[...] but difficulty adjusts only every two weeks and is limited to a change of 4 times.

What does that "4 times" mean.

Found this, ...
http://nullvoid.org/bitcoin/difficultiez.php



Do you see where it went from 45 to 181? It would have increased by more, but it is limited to a 4x increase or decrease. This is to keep a temporary surge of power on the network from making blocks take too long for a very long time.

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November 18, 2010, 09:55:49 PM
 #7

[...] but difficulty adjusts only every two weeks and is limited to a change of 4 times.

What does that "4 times" mean.



Changes in the difficulty are limited to a factor of four, if the difficulty is 4 it maxs out at 16 or drops to 1, or somewhere in the middle.

"The powers of financial capitalism had another far-reaching aim, nothing less than to create a world system of financial control in private hands able to dominate the political system of each country and the economy of the world as a whole. This system was to be controlled in a feudalist fashion by the central banks of the world acting in concert, by secret agreements arrived at in frequent meetings and conferences. The apex of the systems was to be the Bank for International Settlements in Basel, Switzerland, a private bank owned and controlled by the world's central banks which were themselves private corporations. Each central bank...sought to dominate its government by its ability to control Treasury loans, to manipulate foreign exchanges, to influence the level of economic activity in the country, and to influence cooperative politicians by subsequent economic rewards in the business world."

- Carroll Quigley, CFR member, mentor to Bill Clinton, from 'Tragedy And Hope'
caveden
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November 19, 2010, 08:43:15 AM
 #8

(6 blocks per hour target) * (24 hours) * (14 days) = 2016

Two weeks is the target interval between difficulty adjustments, but it is never exactly two weeks because difficulty adjustments occur at a block, not at a time.

Yes, I got it, I just don't see why such a large time interval. Why not daily, for example? It would be much more precise...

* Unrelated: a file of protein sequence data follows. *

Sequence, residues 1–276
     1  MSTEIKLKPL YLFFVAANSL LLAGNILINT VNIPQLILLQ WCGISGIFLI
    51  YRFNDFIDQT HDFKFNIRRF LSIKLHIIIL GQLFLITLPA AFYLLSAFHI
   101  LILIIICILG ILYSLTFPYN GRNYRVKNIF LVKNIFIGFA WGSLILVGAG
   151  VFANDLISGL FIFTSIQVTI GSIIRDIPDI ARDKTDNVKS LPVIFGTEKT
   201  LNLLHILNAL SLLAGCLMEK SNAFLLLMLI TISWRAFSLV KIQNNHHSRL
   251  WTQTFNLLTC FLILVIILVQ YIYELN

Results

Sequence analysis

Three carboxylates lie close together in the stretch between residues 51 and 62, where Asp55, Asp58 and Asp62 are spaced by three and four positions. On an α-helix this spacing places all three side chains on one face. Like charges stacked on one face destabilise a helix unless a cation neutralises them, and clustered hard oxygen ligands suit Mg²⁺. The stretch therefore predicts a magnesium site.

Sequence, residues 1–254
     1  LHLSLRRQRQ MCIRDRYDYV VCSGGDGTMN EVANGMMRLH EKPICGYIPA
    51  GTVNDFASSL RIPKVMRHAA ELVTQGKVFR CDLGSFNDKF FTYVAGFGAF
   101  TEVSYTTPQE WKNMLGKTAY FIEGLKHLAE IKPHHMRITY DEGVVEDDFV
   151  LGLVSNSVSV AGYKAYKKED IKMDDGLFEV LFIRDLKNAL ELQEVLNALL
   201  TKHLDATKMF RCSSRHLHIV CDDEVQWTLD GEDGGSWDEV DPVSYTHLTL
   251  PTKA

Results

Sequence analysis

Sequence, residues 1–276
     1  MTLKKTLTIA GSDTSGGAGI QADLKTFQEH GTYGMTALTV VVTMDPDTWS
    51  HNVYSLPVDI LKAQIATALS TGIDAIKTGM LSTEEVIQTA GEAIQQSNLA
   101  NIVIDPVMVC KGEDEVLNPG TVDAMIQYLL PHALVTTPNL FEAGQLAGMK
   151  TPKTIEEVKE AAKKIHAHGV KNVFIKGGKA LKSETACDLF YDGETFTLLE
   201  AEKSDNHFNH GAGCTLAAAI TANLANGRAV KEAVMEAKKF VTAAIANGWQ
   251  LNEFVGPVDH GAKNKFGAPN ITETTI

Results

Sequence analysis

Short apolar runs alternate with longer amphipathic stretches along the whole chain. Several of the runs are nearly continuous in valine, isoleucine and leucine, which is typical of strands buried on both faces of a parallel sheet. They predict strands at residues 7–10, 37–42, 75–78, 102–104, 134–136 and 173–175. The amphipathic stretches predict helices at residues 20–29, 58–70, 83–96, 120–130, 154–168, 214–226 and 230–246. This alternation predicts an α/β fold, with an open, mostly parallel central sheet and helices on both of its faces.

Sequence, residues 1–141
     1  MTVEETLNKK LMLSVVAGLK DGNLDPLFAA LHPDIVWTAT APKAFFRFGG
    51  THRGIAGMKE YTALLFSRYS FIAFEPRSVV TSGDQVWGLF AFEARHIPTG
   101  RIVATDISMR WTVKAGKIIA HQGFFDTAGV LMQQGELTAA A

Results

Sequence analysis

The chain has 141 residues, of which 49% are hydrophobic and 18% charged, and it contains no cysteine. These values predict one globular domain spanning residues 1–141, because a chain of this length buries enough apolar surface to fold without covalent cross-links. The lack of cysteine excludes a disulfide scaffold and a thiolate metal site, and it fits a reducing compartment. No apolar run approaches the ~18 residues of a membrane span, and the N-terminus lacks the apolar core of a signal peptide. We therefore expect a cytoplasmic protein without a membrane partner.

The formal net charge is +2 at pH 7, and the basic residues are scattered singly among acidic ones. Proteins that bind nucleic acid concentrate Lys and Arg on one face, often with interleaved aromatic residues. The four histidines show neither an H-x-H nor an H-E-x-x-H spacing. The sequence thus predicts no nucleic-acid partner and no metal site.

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November 19, 2010, 08:07:33 PM
 #9

(6 blocks per hour target) * (24 hours) * (14 days) = 2016

Two weeks is the target interval between difficulty adjustments, but it is never exactly two weeks because difficulty adjustments occur at a block, not at a time.

Yes, I got it, I just don't see why such a large time interval. Why not daily, for example? It would be much more precise...

Well, part of it is simply an arbitrary design decision.  But much of it is based upon assumptions about how the network would act in a future with a huge user base.  Much like the 10 minute target block interval is much longer than is currently neccessary, but in the future the number of nodes and number of transactions in transit would burden a network that tried to move at a much shorter interval.  In the same way, the target adjustment was chosen, in part, to prevent the network from getting out of wack due to an overly-precise time definition across the network.  If the interval is too short, there is the possibility that parts of the network could end up with a slightly different calculation of the target; resulting in parts of the network that can't produce a block acceptable to the rest of the network for some period of time.  This wouldn't be catastrophic, and might actually happen to some degree anyway, but shortening the target to, say, once every 24 hours would magnify this effect.  Also, shortening the interval would also negate the max. difficulty change rule; which limits changes in difficulty to a factor of four.  This rule exists to prevent a network attack intended to drive up the difficulty level to great heights before removing the excessive generation power and forcing the network into an unacceptablely long block interval for an extended period of time.  It limits extreme changes in difficulty, which could otherwise be manipulated into forcing normal users into paying transaction fees higher than would be reasonable, or simply annoy the network users in an effort to undermine faith in the currency system.

I don't really know as much about programming or encryption as most of these guys, but I do know the Economics of a monetary system, and this one is very well thought out.

"The powers of financial capitalism had another far-reaching aim, nothing less than to create a world system of financial control in private hands able to dominate the political system of each country and the economy of the world as a whole. This system was to be controlled in a feudalist fashion by the central banks of the world acting in concert, by secret agreements arrived at in frequent meetings and conferences. The apex of the systems was to be the Bank for International Settlements in Basel, Switzerland, a private bank owned and controlled by the world's central banks which were themselves private corporations. Each central bank...sought to dominate its government by its ability to control Treasury loans, to manipulate foreign exchanges, to influence the level of economic activity in the country, and to influence cooperative politicians by subsequent economic rewards in the business world."

- Carroll Quigley, CFR member, mentor to Bill Clinton, from 'Tragedy And Hope'